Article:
WELCOME AV 5781
The Hebrew month of Av (July 9 – August 8, 2021) represents quite an emotional journey in Judaism. This summer month features two distinct landmark observances. The Ninth of Av (Tisha B’Av) solemnly recalls the destruction of the historic First and Second Temples, while the Fifteenth of Av (Tu B’Av) celebrates love and destiny. For AJCC Director of Jewish Life & Culture, Dana Schneider-Chanzit, the month of Av recalls an interesting pattern in the Hebrew Calendar. “One thing that I really appreciate about the Jewish tradition is that we value the importance of mourning, and its place in our lives to help us move forward,” she explains. “However, we also understand we should not stay in a place of grief or sadness for too long, as this can prevent us from moving forward. This idea shows up in many places during the Hebrew calendar.”
“For example,” Dana observes, “right after Yom Kippur, our day of atonement, we enter the joyful week-long festival of Sukkot. Another example is at the end of the 49-day period of counting the Omer, a period of semi-mourning between Passover and ending with Shavuot. Shavuot is the holiday where we celebrate the receiving of the 10 commandments. It is one of the most joyful holidays of the year. The same pattern happens in the month of Av, after we have mourned the saddest day of our year, the full moon arrives and we celebrate Tu B’Av, the Jewish Day of love.”
“One thing that I really appreciate about the Jewish tradition is that we value the importance of mourning.“
-Dana Schneider-Chanzit, Director of Jewish Life & Culture
“On Tisha B’Av, the 9th of Av, the saddest day in the Hebrew year, we mourn deeply,” Dana explains. “We mourn the destruction of both our holy temples as well as many other painful events in our Jewish history.”
The 9th of Av falls on July 17-18, 2021. Like Yom Kippur, this somber holiday is observed by many as a fasting holiday. Every year, Tisha B’av mourns the destruction of the First Temple of Jerusalem in 586 B.C.E., and the Second Temple in 70 C.E. Traditional observances include the three weeks of mourning leading up to the date. During this time, celebrations such as weddings are avoided. Cemetery visits are also common.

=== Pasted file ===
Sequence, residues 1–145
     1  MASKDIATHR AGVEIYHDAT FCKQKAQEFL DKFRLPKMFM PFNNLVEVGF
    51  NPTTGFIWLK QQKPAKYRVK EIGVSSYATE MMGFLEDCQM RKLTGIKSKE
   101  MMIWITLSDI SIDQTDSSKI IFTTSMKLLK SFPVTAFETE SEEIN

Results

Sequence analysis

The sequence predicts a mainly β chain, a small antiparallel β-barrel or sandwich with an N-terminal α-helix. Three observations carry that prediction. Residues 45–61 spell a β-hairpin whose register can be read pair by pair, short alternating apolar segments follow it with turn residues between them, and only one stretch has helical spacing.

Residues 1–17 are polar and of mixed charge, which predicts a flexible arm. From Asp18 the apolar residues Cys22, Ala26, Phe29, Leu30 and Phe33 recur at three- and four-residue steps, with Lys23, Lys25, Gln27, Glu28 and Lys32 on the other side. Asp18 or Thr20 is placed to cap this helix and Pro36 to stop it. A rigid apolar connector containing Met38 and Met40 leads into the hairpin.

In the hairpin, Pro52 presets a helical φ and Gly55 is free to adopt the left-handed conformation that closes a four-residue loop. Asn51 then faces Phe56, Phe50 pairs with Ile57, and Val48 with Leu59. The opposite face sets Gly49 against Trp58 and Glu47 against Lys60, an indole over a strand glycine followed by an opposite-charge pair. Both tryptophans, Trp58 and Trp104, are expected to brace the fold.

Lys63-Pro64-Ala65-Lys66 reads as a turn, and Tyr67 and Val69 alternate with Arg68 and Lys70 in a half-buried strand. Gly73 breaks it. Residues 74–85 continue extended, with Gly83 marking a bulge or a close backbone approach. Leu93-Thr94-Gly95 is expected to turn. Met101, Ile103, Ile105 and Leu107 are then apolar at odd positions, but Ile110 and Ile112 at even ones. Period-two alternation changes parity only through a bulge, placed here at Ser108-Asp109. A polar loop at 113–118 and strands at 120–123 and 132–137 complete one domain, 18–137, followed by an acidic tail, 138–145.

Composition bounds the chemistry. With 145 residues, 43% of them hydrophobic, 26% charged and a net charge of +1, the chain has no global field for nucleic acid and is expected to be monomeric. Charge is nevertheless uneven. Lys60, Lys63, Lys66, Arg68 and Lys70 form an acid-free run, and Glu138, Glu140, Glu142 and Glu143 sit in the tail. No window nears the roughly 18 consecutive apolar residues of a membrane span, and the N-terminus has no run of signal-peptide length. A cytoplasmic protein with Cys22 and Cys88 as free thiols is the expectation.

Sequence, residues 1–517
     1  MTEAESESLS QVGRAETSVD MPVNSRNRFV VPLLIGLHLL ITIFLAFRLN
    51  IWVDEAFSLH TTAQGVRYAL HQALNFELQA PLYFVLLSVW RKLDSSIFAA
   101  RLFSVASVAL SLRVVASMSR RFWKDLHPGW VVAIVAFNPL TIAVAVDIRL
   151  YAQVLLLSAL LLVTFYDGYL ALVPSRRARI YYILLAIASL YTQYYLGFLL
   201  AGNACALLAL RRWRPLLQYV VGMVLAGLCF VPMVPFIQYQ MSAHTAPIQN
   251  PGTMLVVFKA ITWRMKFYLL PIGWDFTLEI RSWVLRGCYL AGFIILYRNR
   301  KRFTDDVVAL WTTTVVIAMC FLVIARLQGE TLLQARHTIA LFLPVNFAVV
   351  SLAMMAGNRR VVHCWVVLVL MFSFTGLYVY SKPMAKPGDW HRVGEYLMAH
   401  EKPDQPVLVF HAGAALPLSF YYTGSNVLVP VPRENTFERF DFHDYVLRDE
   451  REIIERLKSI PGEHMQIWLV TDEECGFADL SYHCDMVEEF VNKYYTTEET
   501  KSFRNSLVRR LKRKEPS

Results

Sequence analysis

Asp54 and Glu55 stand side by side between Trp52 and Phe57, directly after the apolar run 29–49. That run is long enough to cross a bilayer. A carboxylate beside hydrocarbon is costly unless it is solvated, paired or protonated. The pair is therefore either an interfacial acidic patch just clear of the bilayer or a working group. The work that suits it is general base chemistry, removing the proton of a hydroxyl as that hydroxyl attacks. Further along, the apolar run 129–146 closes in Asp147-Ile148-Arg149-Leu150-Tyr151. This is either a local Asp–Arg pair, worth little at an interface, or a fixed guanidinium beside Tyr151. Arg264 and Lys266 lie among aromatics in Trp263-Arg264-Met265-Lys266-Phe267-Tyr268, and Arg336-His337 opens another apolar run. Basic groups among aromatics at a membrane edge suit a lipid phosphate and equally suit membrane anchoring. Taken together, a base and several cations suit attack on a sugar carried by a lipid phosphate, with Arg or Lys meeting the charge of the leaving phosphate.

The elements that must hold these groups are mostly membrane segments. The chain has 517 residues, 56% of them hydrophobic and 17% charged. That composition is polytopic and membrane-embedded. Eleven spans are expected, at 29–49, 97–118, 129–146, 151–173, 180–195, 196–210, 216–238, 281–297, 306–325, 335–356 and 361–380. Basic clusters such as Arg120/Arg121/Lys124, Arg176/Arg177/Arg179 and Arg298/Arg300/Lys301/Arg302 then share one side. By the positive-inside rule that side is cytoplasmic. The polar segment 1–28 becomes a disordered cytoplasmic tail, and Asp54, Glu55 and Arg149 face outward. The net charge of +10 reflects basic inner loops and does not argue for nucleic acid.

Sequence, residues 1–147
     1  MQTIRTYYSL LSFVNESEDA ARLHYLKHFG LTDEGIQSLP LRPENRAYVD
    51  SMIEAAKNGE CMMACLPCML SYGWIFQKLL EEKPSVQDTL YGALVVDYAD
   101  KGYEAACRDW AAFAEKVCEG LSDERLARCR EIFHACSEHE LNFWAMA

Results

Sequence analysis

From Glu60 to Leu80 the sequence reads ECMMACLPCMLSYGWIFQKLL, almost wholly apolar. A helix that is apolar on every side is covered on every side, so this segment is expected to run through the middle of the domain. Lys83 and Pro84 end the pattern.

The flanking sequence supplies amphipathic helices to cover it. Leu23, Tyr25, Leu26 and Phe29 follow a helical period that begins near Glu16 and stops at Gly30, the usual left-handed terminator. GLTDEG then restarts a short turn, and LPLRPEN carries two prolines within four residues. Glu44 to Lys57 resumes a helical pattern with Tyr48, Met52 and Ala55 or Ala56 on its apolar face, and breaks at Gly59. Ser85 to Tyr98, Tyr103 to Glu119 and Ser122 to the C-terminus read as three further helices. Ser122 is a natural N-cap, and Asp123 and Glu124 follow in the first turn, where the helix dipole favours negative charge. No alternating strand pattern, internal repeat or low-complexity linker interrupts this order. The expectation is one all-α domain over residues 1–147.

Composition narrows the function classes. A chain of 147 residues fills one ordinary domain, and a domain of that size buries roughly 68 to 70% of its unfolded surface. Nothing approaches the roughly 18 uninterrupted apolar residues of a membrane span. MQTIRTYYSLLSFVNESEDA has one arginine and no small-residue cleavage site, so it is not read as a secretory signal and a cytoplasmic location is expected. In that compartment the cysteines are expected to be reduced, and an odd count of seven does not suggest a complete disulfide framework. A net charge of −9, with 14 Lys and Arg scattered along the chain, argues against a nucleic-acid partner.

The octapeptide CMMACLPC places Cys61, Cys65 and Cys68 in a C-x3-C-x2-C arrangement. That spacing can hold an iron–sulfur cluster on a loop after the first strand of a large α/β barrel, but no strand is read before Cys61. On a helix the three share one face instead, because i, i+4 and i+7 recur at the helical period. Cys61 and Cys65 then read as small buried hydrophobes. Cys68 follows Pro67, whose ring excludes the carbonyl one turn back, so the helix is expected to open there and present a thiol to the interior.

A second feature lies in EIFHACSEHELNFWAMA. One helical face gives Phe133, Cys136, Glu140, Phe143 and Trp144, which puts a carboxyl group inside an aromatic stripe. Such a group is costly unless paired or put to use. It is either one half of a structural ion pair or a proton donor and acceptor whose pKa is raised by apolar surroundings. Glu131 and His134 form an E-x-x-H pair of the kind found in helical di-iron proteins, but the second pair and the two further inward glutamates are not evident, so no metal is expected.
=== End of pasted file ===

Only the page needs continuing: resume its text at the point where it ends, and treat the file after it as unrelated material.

Destruction of the Temple of Jerusalem, by Francesco Hayez. Source: Wikipedia
The Western Wall in Jerusalem, Israel; all that remains of the Second Temple.
The following week takes a sharp turn, as the 15th of Av (July 23-24, 2021) is met with intense celebration! Tu B’av is the Jewish holiday of love. Many equate this holiday to Valentine’s Day, and it’s said to be a lucky day for weddings.
“During Tu B’Av it is said that women would wear white and dance in the moonlight,” Dana recalls. “It is also a day for matchmaking, weddings, romance, and love. Today in Israel, it is celebrated with evening festivals of music and dancing.” This year, Tu B’Av is especially hopeful as more and more weddings that had to be postponed due to the pandemic finally become realized.
Women dancing on Tu B’Av. Credit: Wikipedia
Ahava (Love) statue in Israel. Credit: WikiPikiIsrael
FROM GRIEF TO JOY
Grief and love are perhaps the two strongest human emotions. For many of us, this year has made these particular feelings more salient than ever. For this reason, the month of Av can prove to be quite a spiritual whirlwind, regardless of the extent to which you observe these holidays.
As Dana puts it, “This year has brought much sadness and grief to our community and to the world. It is important to acknowledge and appreciate this time of morning but it is also important to celebrate love and life.”
This Av, take time to explore emotions you might typically shy away from. If you’re recovering from loss, trauma or stress from the pandemic, allow the journey and liturgy of Av to guide you through healing. “Our hope for you this Av is to feel deeply, and to move from a time of grief to a place of Love and Joy,” Dana says. However you choose to honor Av, the J is here for you.
is the Director of Jewish Life & Culture at the Alpert JCC, specializing in bringing Jewish tradition to our community in fun and contemporary ways. Shabbat singing, holiday crafts, and cultural cooking demos are some of her favorite ways to connect with the community. You can connect with Dana via email at email@example.com, or by tuning in to some of her virtual family events!